long time unless we can prevent it. What he fails to mention, however, is that
computers can be “taught” to recognise keywords in a given person’s speech –
unreliably perhaps, but sufficient to make things a lot easier for Big Brother – such
that tapped phones can signal to a listener when the conversation is getting “hot”.
Unfortunately, human rights and principles do not remain the same – as he
claims – they have to be fought for and protected. Any child watching the cavortings
of our politicians and multinationals can see that they will do anything they can get
away with to keep power and profit in their hands. Computers can and will be used to
help them do just that.
On a more technical note, I wonder if you have come across A.S. Watkin’s
descriptive breakdown of the Nascom BASIC. I have only had it a couple of weeks but
found it amazingly useful. It does, however, contain several minor errors and a couple
of “howlers” which I discovered while using it to disassemble (by hand) some key
sections. I am trying to get a list of these together. Would you be interested in it
together with a review, perhaps?
M. York, London.
(Yes – do write the article – Ed.)
Machine Code Programming
I have just read in the local paper that Nascom have been bought by Lucas
Logic. I hope that this will provide the necessary funds to continue to further
success that this excellent product deserves.
Now yet another word on machine code programming. David Lorde’s correspondence
(INMC80 Issue 2)
on the subject, I think, rings very true. I suppose that for a few
lucky people it will come as second nature. However, for most of us there is no easy
way to learn except for good hard slog. Articles such as David Hunts do make the slog
less ‘sloggable’ and there is plently of room for such useful material. I’ve had my
Nascom 2 (Yawn – not another I’ve had my Superthunderstingcom for etc., etc., – again)
(Yes) for almost a year and knew a little about BASIC, but absolutely zilch about
machine code. I began by converting some programms out of previous INMC newsletters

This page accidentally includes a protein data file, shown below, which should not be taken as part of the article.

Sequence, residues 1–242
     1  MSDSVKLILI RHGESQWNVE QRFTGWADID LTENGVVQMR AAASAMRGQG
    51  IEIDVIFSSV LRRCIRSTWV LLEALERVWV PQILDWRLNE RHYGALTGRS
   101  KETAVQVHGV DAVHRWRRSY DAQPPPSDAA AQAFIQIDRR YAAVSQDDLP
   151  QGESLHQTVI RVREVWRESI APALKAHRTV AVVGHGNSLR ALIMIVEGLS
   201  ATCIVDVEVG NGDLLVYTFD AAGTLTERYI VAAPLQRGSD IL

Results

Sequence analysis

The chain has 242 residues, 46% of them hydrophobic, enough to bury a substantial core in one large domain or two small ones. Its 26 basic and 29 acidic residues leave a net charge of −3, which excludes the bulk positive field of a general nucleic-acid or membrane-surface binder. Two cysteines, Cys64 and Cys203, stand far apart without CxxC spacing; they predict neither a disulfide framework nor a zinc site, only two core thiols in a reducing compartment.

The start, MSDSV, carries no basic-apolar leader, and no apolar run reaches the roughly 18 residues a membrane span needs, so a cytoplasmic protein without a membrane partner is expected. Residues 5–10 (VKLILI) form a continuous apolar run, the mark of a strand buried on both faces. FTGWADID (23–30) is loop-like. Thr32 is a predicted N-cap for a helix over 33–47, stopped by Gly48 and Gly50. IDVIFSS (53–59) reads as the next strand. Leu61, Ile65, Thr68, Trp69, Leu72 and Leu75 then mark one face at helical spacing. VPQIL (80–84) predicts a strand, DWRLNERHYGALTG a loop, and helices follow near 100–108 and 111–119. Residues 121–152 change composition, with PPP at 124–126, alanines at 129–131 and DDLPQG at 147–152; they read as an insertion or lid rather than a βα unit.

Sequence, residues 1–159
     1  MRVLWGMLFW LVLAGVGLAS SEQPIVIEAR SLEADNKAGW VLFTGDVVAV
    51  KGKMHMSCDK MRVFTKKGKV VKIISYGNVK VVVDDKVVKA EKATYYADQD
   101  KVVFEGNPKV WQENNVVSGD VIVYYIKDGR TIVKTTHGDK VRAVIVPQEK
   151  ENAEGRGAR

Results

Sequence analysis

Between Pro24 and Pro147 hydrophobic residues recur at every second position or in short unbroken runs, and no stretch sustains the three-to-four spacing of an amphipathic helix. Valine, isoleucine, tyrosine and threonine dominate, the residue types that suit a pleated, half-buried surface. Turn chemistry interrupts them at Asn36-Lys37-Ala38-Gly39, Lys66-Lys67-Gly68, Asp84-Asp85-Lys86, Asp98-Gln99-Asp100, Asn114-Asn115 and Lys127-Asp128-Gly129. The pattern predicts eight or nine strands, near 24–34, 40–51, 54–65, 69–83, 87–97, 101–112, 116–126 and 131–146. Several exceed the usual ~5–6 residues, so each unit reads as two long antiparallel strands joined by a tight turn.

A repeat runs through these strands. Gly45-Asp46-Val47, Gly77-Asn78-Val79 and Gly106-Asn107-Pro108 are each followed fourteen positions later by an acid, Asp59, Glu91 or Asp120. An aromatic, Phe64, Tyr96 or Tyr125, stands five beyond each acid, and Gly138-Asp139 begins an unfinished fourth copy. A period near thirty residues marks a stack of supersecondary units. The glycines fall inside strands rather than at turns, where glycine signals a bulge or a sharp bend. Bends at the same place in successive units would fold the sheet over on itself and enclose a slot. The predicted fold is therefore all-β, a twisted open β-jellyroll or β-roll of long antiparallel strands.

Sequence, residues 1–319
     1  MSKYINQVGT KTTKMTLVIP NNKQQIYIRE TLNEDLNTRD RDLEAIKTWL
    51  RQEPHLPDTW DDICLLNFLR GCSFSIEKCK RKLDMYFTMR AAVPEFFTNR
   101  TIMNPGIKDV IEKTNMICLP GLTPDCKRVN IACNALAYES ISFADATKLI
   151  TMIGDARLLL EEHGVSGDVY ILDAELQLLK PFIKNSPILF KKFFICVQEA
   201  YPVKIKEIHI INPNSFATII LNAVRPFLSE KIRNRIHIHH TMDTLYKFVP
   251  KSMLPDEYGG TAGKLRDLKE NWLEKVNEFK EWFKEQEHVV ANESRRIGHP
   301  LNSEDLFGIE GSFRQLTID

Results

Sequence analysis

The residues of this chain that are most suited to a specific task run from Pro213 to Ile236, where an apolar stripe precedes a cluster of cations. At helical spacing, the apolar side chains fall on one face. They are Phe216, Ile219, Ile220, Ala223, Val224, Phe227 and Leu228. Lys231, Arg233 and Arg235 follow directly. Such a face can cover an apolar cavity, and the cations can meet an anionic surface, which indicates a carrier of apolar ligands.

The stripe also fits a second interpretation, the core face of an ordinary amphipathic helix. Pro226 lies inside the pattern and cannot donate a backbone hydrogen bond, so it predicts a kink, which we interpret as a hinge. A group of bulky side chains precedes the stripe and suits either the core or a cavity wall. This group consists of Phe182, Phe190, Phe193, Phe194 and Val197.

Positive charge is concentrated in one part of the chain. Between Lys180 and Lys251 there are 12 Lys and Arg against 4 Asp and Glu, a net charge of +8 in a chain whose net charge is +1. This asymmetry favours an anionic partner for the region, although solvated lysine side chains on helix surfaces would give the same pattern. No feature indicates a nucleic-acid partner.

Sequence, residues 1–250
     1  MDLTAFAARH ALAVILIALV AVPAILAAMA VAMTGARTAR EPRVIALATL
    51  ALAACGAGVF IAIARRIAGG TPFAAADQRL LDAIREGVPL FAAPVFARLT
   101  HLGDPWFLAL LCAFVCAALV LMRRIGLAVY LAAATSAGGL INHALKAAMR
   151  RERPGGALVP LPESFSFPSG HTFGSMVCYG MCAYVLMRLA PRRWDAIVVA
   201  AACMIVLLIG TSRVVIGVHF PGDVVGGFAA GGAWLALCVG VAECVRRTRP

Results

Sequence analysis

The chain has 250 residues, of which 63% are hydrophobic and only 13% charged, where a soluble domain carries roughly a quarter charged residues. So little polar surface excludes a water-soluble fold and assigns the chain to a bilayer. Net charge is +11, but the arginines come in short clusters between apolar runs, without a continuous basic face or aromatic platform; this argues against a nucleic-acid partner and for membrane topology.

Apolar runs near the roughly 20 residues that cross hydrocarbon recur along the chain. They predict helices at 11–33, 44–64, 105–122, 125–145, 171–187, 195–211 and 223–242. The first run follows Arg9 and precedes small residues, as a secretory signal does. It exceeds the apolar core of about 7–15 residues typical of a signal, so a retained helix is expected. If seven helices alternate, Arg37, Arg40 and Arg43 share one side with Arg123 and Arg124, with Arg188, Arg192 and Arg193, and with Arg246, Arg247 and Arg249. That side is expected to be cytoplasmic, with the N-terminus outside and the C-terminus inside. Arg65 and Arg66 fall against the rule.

that were written for the T4 monitor to run with Nas-Sys. (with a certain amount of
programm arrived all hell was let loose (well, the odd
hobgoblin here and there). After several months of hair-pulling, teeth-gnashing and
yelling at the cat (which probably now knows more about machine code programming than
I’ll ever know, but has more sense and lies in front of the fire) I finally managed a
working understanding of the programme. I’ve written several routines to control the
speed of the programm (which was rather breathtaking) and to stop a lot of the on
So, I’ve still got plenty to learn, but I’ve managed to untangle some of the
mystery. While fiddling about with the ‘Invaders’ programme (which is excellent) what
did amaze me is the speed that the computer works at. It seems, with that program, the
problem is in slowing the computer down. A correspondent in your
preferable change in the use of the keys to control the movement. The method of
mapping the keyboard is a mystery to me also. Any answers?
A little hint that probably everyone else has discovered but something I hit
on a short time ago. When using the M command to modify memory locations the cursor
may be taken back up screen and a previous location changed i.e. just as in editing
lines in BASIC. This can occur across several completely different blocks of memory
that may be on screen.
Although people may scoff, I am mostly interested in the graphics side of
computing (and thus games). So any addition to the graphics capability (hardware or
software) I find of interest. A review of the Bits and PC’s PCG perhaps?
Enough of my waffle, the cats just writing a Basic interpreter,
Yours ADD.OR-INC.ly (moans from background)
D. Hirst, Birmingham.